Cannabis oil that contains very low amounts of THC or none at all is preferred for use as medicine. This oil can be made from both marijuana and hemp plants. Hemp strains often contain CBD without THC.
There are many treatments for seizures in children, but not all children respond to one or more of them. Cannabis oil is a new and sometimes controversial treatment that is currently gaining ground as a natural and non-invasive way to keep seizures under control.
THC is the component of cannabis that produces the characteristic euphoric state often referred to as a “high.” Cannabidiol does not produce psychoactive effects, but has been shown to promote positive effects in different parts of the body. Cannabidiol is the component in cannabis that is hypothesized to ease seizures in children.
How Does Cannabis Oil Benefit?
Cannabis is the proper name for marijuana, a cousin of the hemp plant and one that has long been classified as an illegal substance. However, with many states now opting to legalize cannabis for medical use, research is being conducted on how it can be used to treat seizures in children with epilepsy.
Far from being the stereotypical drug that makes a person want to eat snacks and watch television all day, cannabis contains chemicals that are able to work with the body to ease seizures. The two major components of cannabis are tetrahydrocannabinol (THC) and cannabidiol (CBD).
Although marijuana has been shown to be habit-forming, it is not addictive. Its habit-forming properties are usually associated with the effects of THC on a person. Cannabis oil that contains little or no THC is typically not habit-forming.
To describe the experience of five Israeli pediatric epilepsy clinics treating children and adolescents diagnosed as having intractable epilepsy with a regimen of medical cannabis oil.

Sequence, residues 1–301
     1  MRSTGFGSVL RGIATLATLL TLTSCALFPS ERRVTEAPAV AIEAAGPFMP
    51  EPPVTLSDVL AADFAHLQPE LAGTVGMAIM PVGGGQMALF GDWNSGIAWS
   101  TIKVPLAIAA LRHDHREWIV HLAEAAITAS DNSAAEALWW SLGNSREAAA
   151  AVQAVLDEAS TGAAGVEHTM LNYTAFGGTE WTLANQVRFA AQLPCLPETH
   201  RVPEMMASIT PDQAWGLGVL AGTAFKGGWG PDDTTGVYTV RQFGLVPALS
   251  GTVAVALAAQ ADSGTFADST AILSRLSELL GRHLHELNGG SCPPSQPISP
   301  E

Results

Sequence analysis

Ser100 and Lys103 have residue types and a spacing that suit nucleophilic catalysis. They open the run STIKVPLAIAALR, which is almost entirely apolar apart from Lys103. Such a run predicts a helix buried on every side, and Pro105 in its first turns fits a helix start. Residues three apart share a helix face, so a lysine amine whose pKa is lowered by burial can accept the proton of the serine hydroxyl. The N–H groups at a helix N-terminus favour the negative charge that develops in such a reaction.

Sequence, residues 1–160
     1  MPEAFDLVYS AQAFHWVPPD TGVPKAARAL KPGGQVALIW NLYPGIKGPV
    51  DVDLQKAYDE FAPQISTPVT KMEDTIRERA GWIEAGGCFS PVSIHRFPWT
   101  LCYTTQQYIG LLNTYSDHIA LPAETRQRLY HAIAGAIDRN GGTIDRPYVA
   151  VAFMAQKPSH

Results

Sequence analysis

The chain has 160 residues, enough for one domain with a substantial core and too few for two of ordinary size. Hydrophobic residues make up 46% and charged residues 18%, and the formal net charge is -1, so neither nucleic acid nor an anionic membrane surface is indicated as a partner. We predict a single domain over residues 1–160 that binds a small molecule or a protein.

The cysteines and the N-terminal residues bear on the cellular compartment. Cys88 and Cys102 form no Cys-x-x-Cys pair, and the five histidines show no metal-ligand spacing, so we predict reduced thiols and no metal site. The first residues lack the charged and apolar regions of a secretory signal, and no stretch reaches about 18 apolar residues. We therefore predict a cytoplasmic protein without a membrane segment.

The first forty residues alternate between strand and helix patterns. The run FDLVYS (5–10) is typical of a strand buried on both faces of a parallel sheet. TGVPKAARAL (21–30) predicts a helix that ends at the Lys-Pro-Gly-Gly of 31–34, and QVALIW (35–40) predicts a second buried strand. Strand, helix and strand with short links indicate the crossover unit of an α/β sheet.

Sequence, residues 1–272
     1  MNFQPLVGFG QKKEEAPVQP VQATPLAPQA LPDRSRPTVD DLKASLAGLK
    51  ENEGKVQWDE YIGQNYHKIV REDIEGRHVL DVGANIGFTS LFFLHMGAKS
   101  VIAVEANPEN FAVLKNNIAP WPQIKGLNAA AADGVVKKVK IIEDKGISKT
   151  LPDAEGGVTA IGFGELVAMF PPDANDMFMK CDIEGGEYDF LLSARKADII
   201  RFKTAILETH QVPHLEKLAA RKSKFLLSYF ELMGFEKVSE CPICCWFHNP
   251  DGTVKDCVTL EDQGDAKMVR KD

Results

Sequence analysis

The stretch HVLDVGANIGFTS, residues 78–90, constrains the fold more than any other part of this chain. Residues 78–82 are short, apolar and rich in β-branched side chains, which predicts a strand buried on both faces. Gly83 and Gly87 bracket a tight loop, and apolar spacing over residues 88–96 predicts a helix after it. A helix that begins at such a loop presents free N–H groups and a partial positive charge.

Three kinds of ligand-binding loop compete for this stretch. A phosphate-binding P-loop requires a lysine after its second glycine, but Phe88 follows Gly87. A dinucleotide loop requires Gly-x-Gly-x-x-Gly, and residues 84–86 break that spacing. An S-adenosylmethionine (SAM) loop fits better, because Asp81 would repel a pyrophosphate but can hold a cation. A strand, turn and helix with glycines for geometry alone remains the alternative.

CBD treatment yielded a significant positive effect on seizure load. Most of the children (66/74, 89%) reported reduction in seizure frequency: 13 (18%) reported 75–100% reduction, 25 (34%) reported 50–75% reduction, 9 (12%) reported 25–50% reduction, and 19 (26%) reported <25% reduction. Five (7%) patients reported aggravation of seizures which led to CBD withdrawal. In addition, we observed improvement in behavior and alertness, language, communication, motor skills and sleep. Adverse reactions included somnolence, fatigue, gastrointestinal disturbances and irritability leading to withdrawal of cannabis use in 5 patients.
CBD-enriched medical cannabis is a promising treatment for intractable epilepsy.
Epileptic encephalopathies respond better to CBD-enriched medical cannabis.
Only minor and infrequent side effects were reported.
A retrospective study describing the effect of cannabidiol (CBD)-enriched medical cannabis on children with epilepsy. The cohort included 74 patients (age range 1–18 years) with intractable epilepsy resistant to >7 antiepileptic drugs. Forty-nine (66%) also failed a ketogenic diet, vagal nerve stimulator implantation, or both. They all started medical cannabis oil treatment between 2–11/2014 and were treated for at least 3 months (average 6 months). The selected formula contained CBD and tetrahydrocannabinol at a ratio of 20:1 dissolved in olive oil. The CBD dose ranged from 1 to 20 mg/kg/d. Seizure frequency was assessed by parental report during clinical visits.
The results of this multicenter study on CBD treatment for intractable epilepsy in a population of children and adolescents are highly promising. Further prospective, well-designed clinical trials using enriched CBD medical cannabis are warranted.
Only patients in the high-dose group stopped taking the drug due to side effects, a rate of 7%.
This study was led by Dr. Shimrit Uliel-Sibony, of Tel Aviv Sourasky Medical Center’s Dana-Dwek Children’s Hospital, and presented at the American Epilepsy Society’s annual meeting in December.
The research found that the drug reduced seizures by nearly half in children with Dravet syndrome, a rare and severe form of the neurological disorder.
After 14 weeks of treatment, seizures with convulsions fell 46% in the high-dose group, 49% in the low-dose group, and 27% in the placebo group.
TUESDAY, April 30, 2019 (HealthDay News) — There’s new data supporting the use of Epidiolex — the first cannabidiol (CBD) medicine approved by the U.S. Food and Drug Administration — to help curb a form of epilepsy.
One specialist in epilepsy care said the new study offers findings “very similar to the previously reported data” that led to Epidiolex’ approval.
The only big difference between the new trial and that 2017 New England Journal of Medicine study is in the dosages given, explained neurologist Dr. Fred Lado.